DLP Data Detection Techniques
DLP Data Detection Techniques are critical to understanding which DLP solution will be the most effective in accurately identifying an organization’s unique sensitive data types. Unfortunately, the detection methods are not discussed much these days. I think this is because most buyers would quickly recognize why DLP tools have a reputation for ineffectiveness (false positives/negatives, etc.).
The reality is that these detection methods have everything to do with the success or failure of any data protection effort. Generally speaking, there are two main categories of detection techniques: Content and Context. As you might guess, the content-focused approach inspects the textual content of the data in question. Content is an ever-changing target and can be modified in order to hide sensitive content, not to mention the fact that in many cases, data does not have any identifiable textual content to key on.
By contrast, data context provides additional detection elements that are factual and do not change. In the same way that individuals have a factual, unchangeable place and date of birth, so too, does data. These contextual elements include: data origin/provenance, data interaction with users/groups/applications, data destinations (staging locations, endpoints, network shares, cloud and SaaS apps, websites, endpoint apps, etc.), data activity (file open, move, copy, rename, delete, etc.).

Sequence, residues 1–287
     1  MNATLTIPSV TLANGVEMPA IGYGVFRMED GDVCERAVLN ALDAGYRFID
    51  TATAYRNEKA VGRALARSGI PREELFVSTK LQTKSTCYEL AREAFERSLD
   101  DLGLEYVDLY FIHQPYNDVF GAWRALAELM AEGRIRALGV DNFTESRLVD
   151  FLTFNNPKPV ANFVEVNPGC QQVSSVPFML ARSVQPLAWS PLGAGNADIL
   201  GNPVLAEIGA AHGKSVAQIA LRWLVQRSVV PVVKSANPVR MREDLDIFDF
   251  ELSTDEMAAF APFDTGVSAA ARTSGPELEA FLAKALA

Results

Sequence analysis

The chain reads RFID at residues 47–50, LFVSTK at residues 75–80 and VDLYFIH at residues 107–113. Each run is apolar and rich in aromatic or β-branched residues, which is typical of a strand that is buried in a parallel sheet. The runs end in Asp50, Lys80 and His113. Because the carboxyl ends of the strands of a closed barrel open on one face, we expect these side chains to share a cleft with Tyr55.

Combining content detection techniques with the unchanging, factual context elements listed above, facilitates more accurate detection of sensitive data. This is especially true of data types that do not include much (if any) textual content or that simply don’t fit the traditional identifying data points like credit card or social security numbers.
If you’ve ever questioned why your DLP solution is so false-positive prone, it’s very likely the result of too much reliance on content inspection techniques. Most traditional DLP tools do not offer much in the way of context information beyond simple source/dest, sender/recipient (of the last known action or location). It’s time to consider a new approach to data protection: Cyberhaven (https://lnkd.in/eDrguK3h)